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The Impact of E-Verify on Massachusetts’ Economy
Some members of Congress have proposed making it mandatory for all employers to use E-Verify—the federal, web-based program through which U.S. businesses can verify the work authorization of new hires. However, mandatory E-Verify without immigration reform is not a solution to the problem of unauthorized immigration. Addressing the reality of a workforce that relies on unauthorized immigrants requires a more comprehensive package of reforms—including a legalization program that brings unauthorized workers out of the shadows, and the creation of sufficient legal visas for the immigrant workers America needs. Mandatory E-Verify alone is likely to harm the economy and U.S. workers.
Immigrants in Massachusetts
- Massachusetts was home to 943,335 immigrants in 2009. The foreign-born share of Massachusetts’s population rose from 9.5% in 1990 to 14.3% in 2009, according to the U.S. Census Bureau.
- Immigrants comprised 17.5% of the state’s workforce (or 637,339 workers) in 2009. Unauthorized immigrants comprised 3.7% of the state’s workforce (or 130,000 workers) in 2010.
Mandatory E-Verify without immigration reform will result in lost tax revenue for Massachusetts.
- Households headed by unauthorized immigrants in Massachusetts paid $138 million in state and local taxes in 2010.
- If E-Verify is made mandatory, unauthorized workers will move into the unregulated, underground economy where they will be paid under the table. As a result, Massachusetts will lose $38 million in income tax revenue from these workers.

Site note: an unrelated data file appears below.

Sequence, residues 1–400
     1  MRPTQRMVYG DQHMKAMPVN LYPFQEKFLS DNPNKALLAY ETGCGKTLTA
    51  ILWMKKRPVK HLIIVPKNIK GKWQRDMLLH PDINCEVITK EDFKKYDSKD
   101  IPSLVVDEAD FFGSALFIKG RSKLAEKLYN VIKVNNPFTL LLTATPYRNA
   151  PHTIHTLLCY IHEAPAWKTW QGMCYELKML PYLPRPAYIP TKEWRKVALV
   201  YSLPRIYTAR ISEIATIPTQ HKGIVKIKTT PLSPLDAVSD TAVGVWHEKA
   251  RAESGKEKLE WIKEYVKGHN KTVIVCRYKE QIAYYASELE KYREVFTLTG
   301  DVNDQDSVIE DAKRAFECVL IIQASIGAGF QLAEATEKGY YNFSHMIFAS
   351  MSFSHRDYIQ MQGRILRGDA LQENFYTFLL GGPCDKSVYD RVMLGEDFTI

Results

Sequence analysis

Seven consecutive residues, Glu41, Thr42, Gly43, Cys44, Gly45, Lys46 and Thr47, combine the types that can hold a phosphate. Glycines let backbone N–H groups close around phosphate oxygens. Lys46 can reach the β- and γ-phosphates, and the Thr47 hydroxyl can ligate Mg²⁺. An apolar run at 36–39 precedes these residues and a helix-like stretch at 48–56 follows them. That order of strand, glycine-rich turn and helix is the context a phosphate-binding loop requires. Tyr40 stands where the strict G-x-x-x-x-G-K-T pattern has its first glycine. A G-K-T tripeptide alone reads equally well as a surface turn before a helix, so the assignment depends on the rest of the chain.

Unemployment in Massachusetts will likely INCREASE as a result of mandatory E-Verify.
- Massachusetts’s civilian labor force is 3,497,500 workers, and its unemployment rate is 7.6%.
- Surveys of E-Verify have found that between 0.8% and 2.3% of workers received an erroneous response from E-Verify, meaning they had to either correct their records or lose their jobs. Applying the error rates to Massachusetts, we estimate that between 27,980 and 80,443 U.S. citizens and legal workers in Massachusetts would either have to correct their records to keep their jobs.
- An estimated 0.5% of workers receive an erroneous final non-confirmation. In Massachusetts, up to 17,488 U.S. citizens and lawful workers would receive an erroneous final non-confirmation and lose their jobs.
E-Verify without comprehensive immigration reform will burden Massachusetts businesses.
- Currently, only 4,064 businesses in Massachusetts are enrolled in E-Verify, which amounts to 2.9% of all Massachusetts businesses. Mandatory E-Verify would mean a 3,400% increase in the number of businesses using E-Verify in a short time period.
- Small businesses would be hardest hit. In Massachusetts, there are 138,846 small businesses, and 98% of all state employers are small businesses.
- Bloomberg estimated that E-Verify would cost small business $435 per year. That amounts to more than $60,398,000 per year paid by small businesses in Massachusetts to use E-Verify.
Published On: Wed, Jul 20, 2011 | Download File
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